SPECIAL REPORT: Mortgage Bankers Conference’s Opening Session Places Positive Spin on Credit Turmoil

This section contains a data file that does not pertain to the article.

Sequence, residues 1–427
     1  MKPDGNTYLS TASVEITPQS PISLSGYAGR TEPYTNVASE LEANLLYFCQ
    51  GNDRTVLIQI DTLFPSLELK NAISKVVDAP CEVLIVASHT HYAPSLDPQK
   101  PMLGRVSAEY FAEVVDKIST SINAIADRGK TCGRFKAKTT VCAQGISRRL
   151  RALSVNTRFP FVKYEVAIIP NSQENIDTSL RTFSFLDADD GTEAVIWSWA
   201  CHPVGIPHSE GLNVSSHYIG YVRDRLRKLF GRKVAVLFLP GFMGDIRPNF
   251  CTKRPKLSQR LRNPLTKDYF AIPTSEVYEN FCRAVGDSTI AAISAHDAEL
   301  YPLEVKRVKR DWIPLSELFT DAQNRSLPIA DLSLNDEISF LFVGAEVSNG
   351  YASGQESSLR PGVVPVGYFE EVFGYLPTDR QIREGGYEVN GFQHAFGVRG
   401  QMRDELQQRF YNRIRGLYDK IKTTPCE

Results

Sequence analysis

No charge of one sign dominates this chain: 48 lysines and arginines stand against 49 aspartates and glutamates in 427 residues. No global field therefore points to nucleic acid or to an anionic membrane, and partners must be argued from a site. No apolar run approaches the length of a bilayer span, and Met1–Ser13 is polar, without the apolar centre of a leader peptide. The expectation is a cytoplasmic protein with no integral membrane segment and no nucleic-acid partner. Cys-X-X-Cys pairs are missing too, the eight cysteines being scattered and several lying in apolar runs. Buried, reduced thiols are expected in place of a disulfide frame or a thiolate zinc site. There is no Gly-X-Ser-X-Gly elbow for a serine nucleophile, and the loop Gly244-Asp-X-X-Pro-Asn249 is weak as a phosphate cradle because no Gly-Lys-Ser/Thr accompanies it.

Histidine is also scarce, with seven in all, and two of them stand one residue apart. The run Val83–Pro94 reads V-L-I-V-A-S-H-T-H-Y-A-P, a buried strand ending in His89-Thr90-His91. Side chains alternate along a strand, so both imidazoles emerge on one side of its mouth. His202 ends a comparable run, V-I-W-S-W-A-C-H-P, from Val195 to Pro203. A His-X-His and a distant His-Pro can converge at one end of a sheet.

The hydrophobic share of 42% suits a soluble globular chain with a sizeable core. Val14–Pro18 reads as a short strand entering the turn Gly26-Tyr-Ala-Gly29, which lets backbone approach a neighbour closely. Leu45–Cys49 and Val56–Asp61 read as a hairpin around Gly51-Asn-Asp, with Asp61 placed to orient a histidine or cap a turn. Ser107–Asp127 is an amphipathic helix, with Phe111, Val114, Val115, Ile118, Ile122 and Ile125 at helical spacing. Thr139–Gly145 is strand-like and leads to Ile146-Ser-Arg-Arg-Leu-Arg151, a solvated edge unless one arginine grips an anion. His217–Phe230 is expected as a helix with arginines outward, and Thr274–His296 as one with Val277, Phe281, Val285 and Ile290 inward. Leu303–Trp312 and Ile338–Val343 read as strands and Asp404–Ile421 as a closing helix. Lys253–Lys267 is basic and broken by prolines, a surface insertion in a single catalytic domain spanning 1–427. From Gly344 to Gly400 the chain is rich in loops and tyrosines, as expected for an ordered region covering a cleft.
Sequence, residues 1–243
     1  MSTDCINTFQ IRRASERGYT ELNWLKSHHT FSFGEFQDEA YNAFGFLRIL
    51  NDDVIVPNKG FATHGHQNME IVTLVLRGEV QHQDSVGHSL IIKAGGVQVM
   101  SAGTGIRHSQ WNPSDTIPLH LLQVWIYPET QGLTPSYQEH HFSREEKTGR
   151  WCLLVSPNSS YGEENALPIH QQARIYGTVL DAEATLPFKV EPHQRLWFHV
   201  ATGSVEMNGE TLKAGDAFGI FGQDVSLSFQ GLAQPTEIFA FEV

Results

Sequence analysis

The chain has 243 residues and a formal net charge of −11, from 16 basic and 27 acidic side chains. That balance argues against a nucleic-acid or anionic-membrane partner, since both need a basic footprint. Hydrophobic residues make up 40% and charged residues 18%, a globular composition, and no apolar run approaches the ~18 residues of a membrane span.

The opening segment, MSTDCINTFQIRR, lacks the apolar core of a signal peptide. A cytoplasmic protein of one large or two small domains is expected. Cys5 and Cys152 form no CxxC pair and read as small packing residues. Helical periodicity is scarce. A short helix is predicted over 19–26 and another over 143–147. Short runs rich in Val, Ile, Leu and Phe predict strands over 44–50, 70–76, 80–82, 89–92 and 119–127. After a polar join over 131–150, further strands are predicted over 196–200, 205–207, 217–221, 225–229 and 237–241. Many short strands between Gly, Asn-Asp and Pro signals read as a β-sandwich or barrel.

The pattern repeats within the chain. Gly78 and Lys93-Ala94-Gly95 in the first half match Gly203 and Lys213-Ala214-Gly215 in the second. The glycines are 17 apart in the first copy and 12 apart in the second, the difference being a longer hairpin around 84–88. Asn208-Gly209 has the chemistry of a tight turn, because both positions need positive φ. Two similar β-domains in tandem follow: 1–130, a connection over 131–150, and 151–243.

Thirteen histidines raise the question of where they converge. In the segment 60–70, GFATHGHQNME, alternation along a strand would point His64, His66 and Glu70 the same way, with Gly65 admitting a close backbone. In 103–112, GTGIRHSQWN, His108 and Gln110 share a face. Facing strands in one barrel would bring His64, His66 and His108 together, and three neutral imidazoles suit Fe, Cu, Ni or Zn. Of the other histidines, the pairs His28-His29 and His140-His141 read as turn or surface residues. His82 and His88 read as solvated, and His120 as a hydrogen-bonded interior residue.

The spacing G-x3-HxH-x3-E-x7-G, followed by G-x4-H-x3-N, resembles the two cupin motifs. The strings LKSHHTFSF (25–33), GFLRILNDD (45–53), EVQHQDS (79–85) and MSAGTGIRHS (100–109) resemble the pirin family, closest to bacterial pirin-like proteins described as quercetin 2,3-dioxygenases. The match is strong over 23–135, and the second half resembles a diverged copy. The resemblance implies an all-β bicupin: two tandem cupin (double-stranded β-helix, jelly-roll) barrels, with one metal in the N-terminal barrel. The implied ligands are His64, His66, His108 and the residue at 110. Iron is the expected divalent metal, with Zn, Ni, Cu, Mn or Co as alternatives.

By Keat Foong, Executive Editor  Orlando, Fla.–While uncertainty swirls over the credit crisis in the financial markets, the Mortgage Bankers Association’s (MBA) Commercial Real Estate Finance/Multifamily Housing Convention & Expo opened on a note of good spirits, evident in the general session address by Kieran Quinn, MBA chairman.  Quinn said the “golden age” of real estate finance, characterized by abundant capital and the lowest interest and cap rates in the memory of many players, came to an abrupt end on August 15th, 2007. “Golden ages are also defined by their endings,” he noted. And this financial golden age, he said, was no exception.  However, Quinn, who is also chairman of Column Financial Inc., suggested that commercial real estate finance may have merely returned so far to the financing conditions of a few years ago and that real estate fundamentals remain strong. “On the whole, the correction for us means going back to the 1990s and early 2000s,” he said. “We know that was not so bad.”  Quinn reported that capital remains inexpensive, but the underwriting is more careful. “We’re not seeing 90 percent loans, but loans that hover around 70 percent.” Underwriting, he said, “already looks a lot like it did in the 1990s.”  Meanwhile, Fannie Mae, in a press conference, underscored the strong fundamentals of the multifamily market that are underpinning the finance market. Phil Weber, senior vice president of Fannie Mae’s multifamily division, said some of the numbers for multifamily over the next few years are “phenomenal.” The population of the U.S., he said, is set to grow by 14 million over the next five years, or by 1 percent per year. And job growth is projected to be 8.2 million over the next five years. Apartment vacancies, rent growth and absorption have declined, but all remain positive. “We’re very optimistic. We think the next 20 years of DUS will be even greater than the past 20 years,” predicted Weber.  Quinn seemed to agree with this outlook, characterizing his own mood as “rational exuberance.” He said the mortgage finance industry should now be concerned about how to restore investor confidence in real estate and how to “bring back that liquidity” into the capital markets.